On 30th June 2016, just one week after the EU Referendum, I wrote this:
It has swiftly become clear, if it were not already so, that neither the government nor the leaders of the Brexit campaigns had anything resembling a plan for what to do if the people voted in favour of leaving the EU. As Mark Carney rather mordantly put it in his speech today,
“In Tim Geithner’s famous dictum, “plan beats no plan.” And in my experience, a plan that is clearly articulated and transparently executed is best of all.”
In other words, addressed to the off-stage Brexiters, but also to the government whose decision it was to hold the referendum, “you’ve dumped us here without your having any idea what to do next.”
Alas, over a year later, there is still no plan – and awareness that the Conservative government has simply dumped us here without any idea what to do next is becoming overwhelming. Nor, reading between his lines today, do we sense that Mark Carney is any more reassured on this front.
My June 2016 proposals were based on Parliament playing a lead role in determining the framework and outcome of negotiations, and included the following:
4. Authorise and require the government to give notification under Article 50(2), and to conduct the negotiations in accordance with it
5. Require the government to report to Parliament within 20 months on either the draft conclusion of an agreement which can be recommended for approval, or on the state of the negotiations to that point
6. If there is a draft agreement which Parliament considers satisfactory and approves, then the withdrawal proceeds
7. If there is a draft agreement which Parliament does not consider satisfactory, then a second Referendum should be held before the end of 2 years from the date of giving the Article 50 notification, asking the question whether (a) to accept the terms of the agreement and confirm the withdrawal from the EU, or (b) not to accept the terms negotiated, and to withdraw the notification and remain a Member of the EU.
8. If there is no draft agreement, then a second Referendum should be held asking the question whether (a) to confirm the withdrawal from the EU notwithstanding that no negotiated agreement has been reached, or (b) to withdraw the notification and remain a Member of the EU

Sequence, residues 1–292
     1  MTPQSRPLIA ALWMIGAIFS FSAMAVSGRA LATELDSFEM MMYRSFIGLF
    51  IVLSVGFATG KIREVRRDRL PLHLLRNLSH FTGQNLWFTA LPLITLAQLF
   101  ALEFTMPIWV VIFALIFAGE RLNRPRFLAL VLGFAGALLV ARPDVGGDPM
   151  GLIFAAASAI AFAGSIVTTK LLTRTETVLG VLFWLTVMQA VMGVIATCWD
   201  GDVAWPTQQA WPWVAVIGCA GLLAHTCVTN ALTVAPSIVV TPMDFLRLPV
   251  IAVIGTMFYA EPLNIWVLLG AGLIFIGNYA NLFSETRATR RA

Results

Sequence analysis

9. The above time limits may be extended if the EU’s Council agrees to extend the 2 year period specified for the negotiation
Nothing has really changed in the meantime, given the government’s paranoia and inertia – and its futile effort to try to stop Parliament from voting on the Article 50 notification. My proposal fully respected the result of the 2016 Referendum, but recognized that harsh reality could lead Parliament to decide – if it thought the outcome of negotiations to be damaging – to refer the final decision to the British people.
Yet the chances of a felicitous outcome appear increasingly remote, given the absence of any clear, unified, sensible government policy for the short, medium or long term. And after over a year of neglectful drift, indecision and meaningless platitudes under Theresa May’s “leadership”, time is fast running out. The 20 months I had foreseen expire in November next year, just 15 months away.
So what are the true choices that now face us?
Ian Dunt, editor of Politics.co.uk, has just written a useful article arguing that a transitional agreement of some kind is inescapable, as there is simply not time left to sort out the issues. He suggests that there are three broad transitional options – continuity, off-the-shelf and bespoke.
He rightly says that there are two possible “continuity” paths. The first is to leave the EU as planned in March 2019 but with an interim agreement, for a specified period, that replicates the current EU Treaty position as closely as possible, by definition maintaining the jurisdiction of the European Court of Justice, full freedom of movement of workers, and so on. And of course includes significant continuing payments in, for having access to the EU’s market, programmes etc. This is more or less what Philip Hammond has suggested, and been criticized by ‘colleagues’.